Biden Administration’s USCIS Reinstates Longstanding, Employer-Friendly Deference Policy

10 May 2021 Labor & Employment Law Perspectives Blog
Authors: Roy J. Barquet

As of April 27, 2021, the Biden administration has reinstated a longstanding policy of U.S. Citizenship & Immigration Services (USCIS) that the Trump administration revoked in its first year.  The reinstated policy, commonly referred to as the “Deference Policy,” had been in place since April 2004.  The policy instructed USCIS officers to give deference to prior employment visa determinations when adjudicating visa extension requests involving the same parties and facts unless there was a material error, material change in circumstances or new material information that adversely impacts the eligibility of the petitioner, applicant, or beneficiary of a sought-after visa extension petition.

The Trump administration’s revocation of the Deference Policy was a linchpin of the administration’s efforts to depart from the adjudication policies of previous Republican and Democratic administrations.  Revocation of the policy required USCIS officers to adjudicate employment visa extension requests as if there had never been a previous approval of the same visa benefit for the same employer, employee and job.  The result was that employers’ visa extension petitions were subjected to more scrutiny, and burdensome requests for evidence (RFEs), resulting in processing backlogs and delays of otherwise previously adjudicated matters.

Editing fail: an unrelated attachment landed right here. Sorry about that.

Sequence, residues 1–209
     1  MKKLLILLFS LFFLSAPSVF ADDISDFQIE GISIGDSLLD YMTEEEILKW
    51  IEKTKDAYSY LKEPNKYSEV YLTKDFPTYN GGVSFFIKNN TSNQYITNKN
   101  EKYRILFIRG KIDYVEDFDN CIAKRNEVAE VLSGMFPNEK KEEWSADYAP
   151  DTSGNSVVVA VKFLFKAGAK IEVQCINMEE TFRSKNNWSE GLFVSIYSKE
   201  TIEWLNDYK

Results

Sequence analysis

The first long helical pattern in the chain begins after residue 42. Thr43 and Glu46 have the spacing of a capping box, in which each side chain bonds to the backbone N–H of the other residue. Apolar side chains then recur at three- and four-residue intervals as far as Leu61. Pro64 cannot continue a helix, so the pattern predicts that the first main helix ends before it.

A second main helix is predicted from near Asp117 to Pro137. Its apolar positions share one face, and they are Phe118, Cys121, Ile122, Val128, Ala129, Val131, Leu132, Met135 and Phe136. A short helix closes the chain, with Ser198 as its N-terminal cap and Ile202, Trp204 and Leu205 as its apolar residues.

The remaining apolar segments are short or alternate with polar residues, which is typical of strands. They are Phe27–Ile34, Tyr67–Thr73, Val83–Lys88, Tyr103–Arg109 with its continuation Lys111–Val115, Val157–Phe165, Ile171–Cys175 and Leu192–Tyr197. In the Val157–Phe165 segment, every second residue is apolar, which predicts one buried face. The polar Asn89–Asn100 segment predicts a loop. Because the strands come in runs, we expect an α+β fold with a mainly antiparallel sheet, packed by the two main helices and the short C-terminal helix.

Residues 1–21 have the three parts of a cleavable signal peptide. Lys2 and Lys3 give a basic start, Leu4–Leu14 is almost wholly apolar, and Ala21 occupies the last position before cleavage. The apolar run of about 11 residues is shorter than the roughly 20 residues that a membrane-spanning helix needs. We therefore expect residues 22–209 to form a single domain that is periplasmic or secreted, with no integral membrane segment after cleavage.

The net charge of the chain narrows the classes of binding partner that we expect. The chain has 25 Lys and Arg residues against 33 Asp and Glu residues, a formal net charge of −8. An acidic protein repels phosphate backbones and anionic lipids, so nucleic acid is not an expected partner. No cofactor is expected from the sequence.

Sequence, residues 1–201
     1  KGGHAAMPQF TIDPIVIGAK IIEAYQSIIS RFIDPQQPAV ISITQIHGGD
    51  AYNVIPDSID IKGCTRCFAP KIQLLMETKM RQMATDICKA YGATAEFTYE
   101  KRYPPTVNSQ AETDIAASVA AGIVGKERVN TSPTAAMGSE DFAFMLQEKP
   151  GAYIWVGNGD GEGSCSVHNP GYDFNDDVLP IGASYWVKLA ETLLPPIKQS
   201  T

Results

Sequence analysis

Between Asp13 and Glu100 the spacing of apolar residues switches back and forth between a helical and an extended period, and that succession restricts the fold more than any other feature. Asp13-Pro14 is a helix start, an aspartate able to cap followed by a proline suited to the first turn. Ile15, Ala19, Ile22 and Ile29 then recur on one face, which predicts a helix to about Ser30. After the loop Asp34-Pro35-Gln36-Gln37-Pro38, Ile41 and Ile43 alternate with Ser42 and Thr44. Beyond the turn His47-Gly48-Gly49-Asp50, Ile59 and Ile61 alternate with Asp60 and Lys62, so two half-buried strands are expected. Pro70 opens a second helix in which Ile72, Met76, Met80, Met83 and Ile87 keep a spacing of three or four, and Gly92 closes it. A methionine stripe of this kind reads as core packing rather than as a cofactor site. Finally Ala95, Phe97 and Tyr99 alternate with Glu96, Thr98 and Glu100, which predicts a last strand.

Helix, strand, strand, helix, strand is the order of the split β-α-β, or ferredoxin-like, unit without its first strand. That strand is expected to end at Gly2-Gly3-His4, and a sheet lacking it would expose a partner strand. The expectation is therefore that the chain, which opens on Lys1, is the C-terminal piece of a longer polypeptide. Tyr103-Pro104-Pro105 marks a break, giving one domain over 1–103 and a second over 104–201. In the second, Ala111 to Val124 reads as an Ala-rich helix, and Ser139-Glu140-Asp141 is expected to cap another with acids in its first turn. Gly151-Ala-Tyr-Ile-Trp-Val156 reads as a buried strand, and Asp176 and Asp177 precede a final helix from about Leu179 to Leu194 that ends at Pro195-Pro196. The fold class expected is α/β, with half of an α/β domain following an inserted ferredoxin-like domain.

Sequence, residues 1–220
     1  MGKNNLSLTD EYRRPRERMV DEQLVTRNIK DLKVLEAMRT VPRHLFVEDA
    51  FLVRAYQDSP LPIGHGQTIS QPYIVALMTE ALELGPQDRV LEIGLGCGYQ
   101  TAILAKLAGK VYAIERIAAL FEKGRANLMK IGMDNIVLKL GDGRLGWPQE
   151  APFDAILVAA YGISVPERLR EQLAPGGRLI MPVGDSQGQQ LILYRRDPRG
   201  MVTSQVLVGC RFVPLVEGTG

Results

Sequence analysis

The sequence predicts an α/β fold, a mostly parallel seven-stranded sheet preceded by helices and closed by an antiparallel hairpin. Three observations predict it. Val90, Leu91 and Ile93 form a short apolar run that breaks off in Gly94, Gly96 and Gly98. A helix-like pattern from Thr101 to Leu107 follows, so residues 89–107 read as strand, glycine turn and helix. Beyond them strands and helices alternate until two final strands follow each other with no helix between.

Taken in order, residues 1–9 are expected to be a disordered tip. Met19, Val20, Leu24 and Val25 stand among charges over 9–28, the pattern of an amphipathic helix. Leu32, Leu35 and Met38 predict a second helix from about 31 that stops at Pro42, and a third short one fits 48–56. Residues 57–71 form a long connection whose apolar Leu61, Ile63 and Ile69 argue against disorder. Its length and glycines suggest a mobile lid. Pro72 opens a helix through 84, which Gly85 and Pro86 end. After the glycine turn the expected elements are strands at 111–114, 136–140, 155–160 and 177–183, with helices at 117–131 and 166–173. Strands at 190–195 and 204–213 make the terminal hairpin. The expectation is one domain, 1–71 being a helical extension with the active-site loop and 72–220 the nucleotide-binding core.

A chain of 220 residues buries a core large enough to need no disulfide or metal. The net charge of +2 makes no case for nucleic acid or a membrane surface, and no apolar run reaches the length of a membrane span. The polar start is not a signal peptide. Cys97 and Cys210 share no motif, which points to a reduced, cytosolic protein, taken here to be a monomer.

The Biden administration’s policy change, effective immediately, reinstates the 2004 policy of deferring to prior determinations of eligibility when extension requests involve the same employer, employee and employment terms as the initial petition or application.  In practice, reinstatement of the Deference Policy means USCIS must give weight to its previous approval of an employment visa status.  Under the reinstated policy, USCIS can only depart from a previous approval if it finds that the original approval was materially wrong based on the visa’s legal requisites or a material change in facts has transpired since the original approval that now makes extension of the employment visa status unwarranted.

Under the reinstated policy, if a USCIS officer does not defer to the prior approval, the officer must:

  • Acknowledge the previous approval in the denial, RFE, or NOID (Notice of Intent to Deny);

  • Articulate the reason for the lack of deference;

  • Provide the petitioner or applicant an opportunity to respond to any new information, and;

  • Importantly, obtain supervisory approval before deviating from prior approval.

Reinstatement of the Deference Policy is a consequence of President Biden’s February 2, 2021, Executive Order, Restoring Faith in Our Legal Immigration Systems and Strengthening Integration and Inclusion Efforts for New Americans.  U.S. employers expect the reinstatement to expedite processing of employment visa extensions and restore predictability in employers’ retention and professional development of globally sourced human resources.

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